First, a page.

Monday, August 21st, 2006
OK, we’re flying, we’ve made it through security…hey, take a look out the window, that’s kinda cool…get a picture!
Or maybe, as Josh Simons blogs, not so fast:
On my recent trip back from India on British Airways, I was inspired […] to snap some landscape photos at 35000 feet. I think we were over Iran at the time. After taking several shots, imagine my surprise when one of the BA attendants closed the window shade and informed me that it was against British Airways policy for passengers to take such photos for security reasons. I thought she was kidding, but the head attendant confirmed what I had been told. And that it had nothing to do with where we were flying.
This seems to violate so many civil liberties my head is spinning, but it also makes me want to check and review how those civil liberties are safeguarded by the power of international law. Could well be..um..not so much.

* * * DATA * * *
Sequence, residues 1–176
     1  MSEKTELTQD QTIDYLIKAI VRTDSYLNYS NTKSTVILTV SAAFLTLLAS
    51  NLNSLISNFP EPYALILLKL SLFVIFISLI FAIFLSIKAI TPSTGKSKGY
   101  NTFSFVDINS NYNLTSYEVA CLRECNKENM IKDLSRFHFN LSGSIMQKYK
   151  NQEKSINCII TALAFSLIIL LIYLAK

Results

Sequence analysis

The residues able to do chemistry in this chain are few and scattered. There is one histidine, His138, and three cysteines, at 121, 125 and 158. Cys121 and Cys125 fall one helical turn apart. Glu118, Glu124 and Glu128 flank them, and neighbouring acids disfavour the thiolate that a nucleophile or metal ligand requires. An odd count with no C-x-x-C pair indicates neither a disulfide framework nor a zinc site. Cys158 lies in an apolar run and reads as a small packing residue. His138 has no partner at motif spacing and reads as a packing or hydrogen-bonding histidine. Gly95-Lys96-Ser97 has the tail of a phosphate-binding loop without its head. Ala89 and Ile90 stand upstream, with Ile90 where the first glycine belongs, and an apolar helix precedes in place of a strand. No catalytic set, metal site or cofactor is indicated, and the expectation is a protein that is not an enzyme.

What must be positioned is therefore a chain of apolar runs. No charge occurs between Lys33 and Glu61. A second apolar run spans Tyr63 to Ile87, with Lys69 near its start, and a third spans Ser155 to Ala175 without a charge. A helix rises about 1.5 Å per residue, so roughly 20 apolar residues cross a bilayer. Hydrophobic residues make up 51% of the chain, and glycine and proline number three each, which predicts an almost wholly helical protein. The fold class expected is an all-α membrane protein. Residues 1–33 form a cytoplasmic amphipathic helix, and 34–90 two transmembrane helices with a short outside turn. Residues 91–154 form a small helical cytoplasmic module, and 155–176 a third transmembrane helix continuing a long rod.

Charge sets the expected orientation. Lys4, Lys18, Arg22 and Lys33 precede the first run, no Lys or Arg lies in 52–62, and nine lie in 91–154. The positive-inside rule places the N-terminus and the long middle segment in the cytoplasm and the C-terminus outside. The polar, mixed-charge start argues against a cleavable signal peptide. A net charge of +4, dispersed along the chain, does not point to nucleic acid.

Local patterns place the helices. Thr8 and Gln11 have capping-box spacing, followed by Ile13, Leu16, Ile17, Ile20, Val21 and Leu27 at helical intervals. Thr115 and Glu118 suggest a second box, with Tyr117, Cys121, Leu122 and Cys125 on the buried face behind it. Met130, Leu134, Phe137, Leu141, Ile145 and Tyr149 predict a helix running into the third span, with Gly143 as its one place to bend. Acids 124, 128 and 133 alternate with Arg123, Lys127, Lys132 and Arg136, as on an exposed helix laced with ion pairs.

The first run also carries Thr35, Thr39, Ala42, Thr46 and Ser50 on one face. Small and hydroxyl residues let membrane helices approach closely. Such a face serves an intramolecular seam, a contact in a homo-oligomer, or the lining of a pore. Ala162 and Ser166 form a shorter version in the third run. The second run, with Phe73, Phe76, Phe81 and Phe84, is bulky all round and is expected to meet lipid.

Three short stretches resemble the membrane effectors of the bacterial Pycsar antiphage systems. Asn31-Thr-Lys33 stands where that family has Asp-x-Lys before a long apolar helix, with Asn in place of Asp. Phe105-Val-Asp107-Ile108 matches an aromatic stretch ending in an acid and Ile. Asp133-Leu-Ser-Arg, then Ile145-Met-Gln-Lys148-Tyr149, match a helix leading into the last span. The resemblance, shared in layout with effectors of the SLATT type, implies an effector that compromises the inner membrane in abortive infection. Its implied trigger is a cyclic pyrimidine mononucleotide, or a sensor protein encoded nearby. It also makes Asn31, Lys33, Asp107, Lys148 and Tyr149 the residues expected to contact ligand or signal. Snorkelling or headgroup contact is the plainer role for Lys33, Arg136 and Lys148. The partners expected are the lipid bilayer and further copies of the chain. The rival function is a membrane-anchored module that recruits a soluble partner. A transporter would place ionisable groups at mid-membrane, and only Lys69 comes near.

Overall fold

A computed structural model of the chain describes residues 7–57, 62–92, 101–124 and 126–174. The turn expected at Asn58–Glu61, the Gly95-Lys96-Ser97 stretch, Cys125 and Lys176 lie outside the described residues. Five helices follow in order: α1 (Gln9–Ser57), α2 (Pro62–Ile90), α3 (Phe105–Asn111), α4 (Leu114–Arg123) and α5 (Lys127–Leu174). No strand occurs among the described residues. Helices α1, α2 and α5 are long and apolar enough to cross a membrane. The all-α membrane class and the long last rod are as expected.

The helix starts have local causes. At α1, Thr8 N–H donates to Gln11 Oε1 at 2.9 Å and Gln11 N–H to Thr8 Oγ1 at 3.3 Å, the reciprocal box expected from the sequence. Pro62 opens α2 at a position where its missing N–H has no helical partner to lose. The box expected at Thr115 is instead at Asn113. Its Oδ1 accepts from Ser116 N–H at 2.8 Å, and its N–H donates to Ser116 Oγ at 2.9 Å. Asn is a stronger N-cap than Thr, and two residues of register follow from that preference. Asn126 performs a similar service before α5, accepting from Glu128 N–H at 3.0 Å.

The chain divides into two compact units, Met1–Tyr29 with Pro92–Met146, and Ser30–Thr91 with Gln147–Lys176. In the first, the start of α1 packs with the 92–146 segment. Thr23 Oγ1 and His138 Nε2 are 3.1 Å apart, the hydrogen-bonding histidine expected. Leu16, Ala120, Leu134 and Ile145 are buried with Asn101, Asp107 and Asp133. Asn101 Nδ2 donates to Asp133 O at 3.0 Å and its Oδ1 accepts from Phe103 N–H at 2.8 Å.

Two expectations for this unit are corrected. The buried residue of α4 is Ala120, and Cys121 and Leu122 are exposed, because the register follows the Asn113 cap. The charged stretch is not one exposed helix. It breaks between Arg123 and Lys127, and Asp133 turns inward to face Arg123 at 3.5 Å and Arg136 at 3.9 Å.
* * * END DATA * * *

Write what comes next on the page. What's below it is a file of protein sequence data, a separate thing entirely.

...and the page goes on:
In New York, the MTA finally withdrew (last I checked) their proposed ban on subway photography. There have been attempts to curtail our rights to acquire pixels in other cities, and more than one building security guard since 9/11 has attempted to prevent photography of city images that feature his or her employer’s building.
We hear that Americans of Arabic descent, picked up for mass buys of Wal-Mart cell phones, had lots of digital snapshots of the Mackinac Bridge…and the conclusion too many people jump to is this is a risk to our security. In the name of all that is American, I sure hope would-be bridge plotters don’t Google this site.
This paranoia is a risk to our continued sanity. We must take a breath and recalibrate. The relatively free flow of images, data, and information—about everything from the specifications of our bridges to what the world looks like from above to the number of atomic weapons the US deployed during the cold war—is not a risk to our freedom…it is our freedom.